AUSTIN, Texas — Weekend One of Austin City Limits Music Festival is in the books, and while festival attendees had fun running between stages to catch their favorite artists, not everyone's weekend went as planned.
With a 3-day wristband fit snug around their wrists, Jackie Cawthon and her husband had big plans for their weekend.
"I was mostly excited to see Miley [Cyrus]," Cawthon said.
When the first night ended on Friday, the Pflugerville-based couple thought they would skip the rideshare line by scootering to their car parked further North on Burnet Road.
Along the way, the two hit a pothole they did not see in time and were thrown off their scooters.
"We were ... I was panicking a lot and I saw what my wrist looked like and was like, 'That is not OK,'" Jackie explained.
After calling for an ambulance, the two were taken to the hospital. Jackie broke her wrist and hand, which she will need surgery to fix. Her husband sustained road rash on a large portion of his body.
As scooters become more popular across the country, including Austin, reports of crashes are increasing too.
According to a study released in 2020 by the University of California, San Francisco, Nearly 40,000 broken bones, head injuries, cuts and bruises from scooters were treated in emergency rooms nationwide between 2014-2018.
The City of Austin also conducted a study on electric scooters in 2018 that found nearly 50% of injured riders sustained injuries to their heads.
Jackie hopes her story brings light to the dangers that come with riding the scooters.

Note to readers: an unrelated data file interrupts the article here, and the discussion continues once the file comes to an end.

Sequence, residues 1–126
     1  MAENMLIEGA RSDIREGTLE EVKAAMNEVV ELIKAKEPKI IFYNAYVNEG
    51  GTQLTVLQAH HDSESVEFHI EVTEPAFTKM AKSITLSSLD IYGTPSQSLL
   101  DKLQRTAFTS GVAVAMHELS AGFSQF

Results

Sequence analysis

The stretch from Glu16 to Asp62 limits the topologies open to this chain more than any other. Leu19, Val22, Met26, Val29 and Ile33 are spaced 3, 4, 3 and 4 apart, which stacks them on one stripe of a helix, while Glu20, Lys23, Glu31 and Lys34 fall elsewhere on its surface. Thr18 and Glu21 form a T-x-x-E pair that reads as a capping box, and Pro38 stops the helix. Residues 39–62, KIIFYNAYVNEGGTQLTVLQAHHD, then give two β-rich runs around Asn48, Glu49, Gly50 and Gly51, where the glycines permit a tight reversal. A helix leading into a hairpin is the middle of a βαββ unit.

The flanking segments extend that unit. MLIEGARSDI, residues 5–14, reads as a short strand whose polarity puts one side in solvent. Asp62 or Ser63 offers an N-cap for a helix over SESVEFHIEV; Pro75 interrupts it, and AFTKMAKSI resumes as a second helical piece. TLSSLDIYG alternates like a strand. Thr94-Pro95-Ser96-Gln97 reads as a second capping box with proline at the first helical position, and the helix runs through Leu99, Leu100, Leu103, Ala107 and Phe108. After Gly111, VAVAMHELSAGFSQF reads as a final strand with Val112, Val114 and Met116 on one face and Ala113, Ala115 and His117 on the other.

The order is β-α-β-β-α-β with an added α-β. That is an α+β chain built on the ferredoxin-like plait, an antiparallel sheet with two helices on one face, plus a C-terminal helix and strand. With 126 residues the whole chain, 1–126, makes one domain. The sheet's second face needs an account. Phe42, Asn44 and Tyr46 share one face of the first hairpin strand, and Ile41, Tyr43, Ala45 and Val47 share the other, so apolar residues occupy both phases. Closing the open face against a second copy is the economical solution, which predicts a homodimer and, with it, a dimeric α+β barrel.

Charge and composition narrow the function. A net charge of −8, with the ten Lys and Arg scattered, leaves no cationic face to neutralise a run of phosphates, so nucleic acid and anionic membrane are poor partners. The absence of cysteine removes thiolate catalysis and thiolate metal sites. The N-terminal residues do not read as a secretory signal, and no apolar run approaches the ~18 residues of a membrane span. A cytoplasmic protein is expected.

"I just always thought that the wrecks people that got when people got in wrecks, that it was just them being reckless or careless, maybe drunk. And after my experience Friday, I realized, like, you can be as careful as can be and still really seriously hurt yourself," she said.
Austin-Travis County EMS received 260 calls for various incidents that occurred at ACL over the weekend and transported six people to the hospital.
However, a spokesperson with ATCEMS told KVUE that Ascension Seton managed the medical tent on-site and was equipped to handle most complaints without the need to transport anyone.
"The vast majority of the patients we interacted with were transported to the medical tent, but that doesn’t’ include those that checked themselves in (i.e. walked themselves over there)," ATCEMS stated.
KVUE reached out to Ascension Seton for that data and a representative is in the process of compiling it.
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